Months To Years Fall 2018 Months To Years Fall 2018 - Page 8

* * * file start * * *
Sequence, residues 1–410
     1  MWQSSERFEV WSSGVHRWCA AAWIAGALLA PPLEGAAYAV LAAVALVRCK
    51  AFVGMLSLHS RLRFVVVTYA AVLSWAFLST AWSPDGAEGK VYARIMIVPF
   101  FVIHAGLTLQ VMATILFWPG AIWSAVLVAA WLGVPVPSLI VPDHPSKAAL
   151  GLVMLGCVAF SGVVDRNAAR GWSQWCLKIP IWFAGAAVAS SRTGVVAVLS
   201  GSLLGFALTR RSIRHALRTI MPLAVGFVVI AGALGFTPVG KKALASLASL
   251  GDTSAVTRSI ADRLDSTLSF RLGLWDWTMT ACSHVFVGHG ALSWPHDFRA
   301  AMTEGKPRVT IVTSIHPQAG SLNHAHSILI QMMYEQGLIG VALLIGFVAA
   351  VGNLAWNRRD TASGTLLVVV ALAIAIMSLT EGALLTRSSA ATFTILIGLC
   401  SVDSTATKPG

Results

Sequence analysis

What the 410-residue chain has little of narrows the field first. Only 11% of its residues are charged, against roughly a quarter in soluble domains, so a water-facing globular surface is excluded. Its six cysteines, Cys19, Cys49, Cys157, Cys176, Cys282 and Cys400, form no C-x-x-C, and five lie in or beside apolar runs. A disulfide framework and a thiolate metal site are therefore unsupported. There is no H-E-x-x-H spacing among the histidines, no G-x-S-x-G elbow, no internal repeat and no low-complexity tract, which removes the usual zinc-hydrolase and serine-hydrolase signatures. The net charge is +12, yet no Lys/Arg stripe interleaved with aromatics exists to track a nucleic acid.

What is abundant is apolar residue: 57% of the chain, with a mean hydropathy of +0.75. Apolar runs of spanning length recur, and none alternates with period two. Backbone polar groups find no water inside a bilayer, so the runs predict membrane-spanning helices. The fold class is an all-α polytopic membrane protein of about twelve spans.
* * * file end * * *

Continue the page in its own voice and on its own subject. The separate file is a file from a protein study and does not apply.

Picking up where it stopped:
what a tumor looks like when it’s dying from the inside out.” “How often does this happen?” I asked. My tumors slowly shrank. “Almost never. You had a less than one percent chance of After three months of weekly chemo, six hours every surviving.” Friday, not including the commute, and a long wait of   three more months, I got a PET scan that showed no cancer for the first time in almost two years! Although he Tanya and I drove home that day in a state of bliss, from Stanford Cancer Center through Palo Alto, across the was pleased, Dr. Colevas warned that he fully expected Dumbarton Bridge, floating just above the surreal water the cancer to return. of the Bay, and up Highway 880 to Berkeley in rush hour traffic. Every once in a while, one of us would say, as if it “Go out and enjoy yourself –– for now,” he ordered, writing were a revelation, “Less than one percent!” a prescription: “Take a bubble bath.”   Now it’s for my annual appointment with Dr. Colevas. He knew I hadn’t been able to do that for months due to Our visits went from once a week to once a month to once the chemo equipment in my arm. It got pulled out with a every three months to once every six months. At this point, whoosh that very day. we meet once a year. This will be our sixth annual visit. Dr. Colevas will wear his signature bowtie; he’ll poke and Despite his prediction that it wasn’t over, I decided I’d prod, find nothing, and then we’ll talk about the books we gotten a miracle.       liked in the last year. I’ll recommend Pachinko and Sing,   Unburied, Sing, which he’ll enter into the Notes section of Many more months later, after multiple monthly check-ins, his iPhone. He’ll recommend something that might be too Dr. Colevas finally agreed. heady for me, but I’ll write it down, just in case. Then we’ll agree to meet again next year. “There’s still no cancer here. I guess you better keep doing what you’ve been doing, because I don’t know what worked. If you’ve been standing on your head every day, you better keep doing it. And now you have to take care of your long-term health.”   Martina Reaves is a retired mediator and a happily non-retired writer. She’s been interested in writing all her life, and since she became serious about it in 2007, she’s been obsessed. At the moment, she’s completing a memoir about being raised as a Navy brat, moving every year or two until she was in her 30s, becoming a hippie in the 1960s, living off the grid in Northern California, coming out in the 1980s, being a part of the first wave of lesbians having children, and surviving cancer twice. Her nine-word obituary: “Moved a lot, fell in love, finally stayed put.” She has been published in KQED’s Perspectives and in the online journal Inter-Connecting Circles. Living in Berkeley, California, with her wife Tanya Starnes for the past 31 years, she finally found home. Their son, Cooper Reaves, lives nearby in Oakland.   8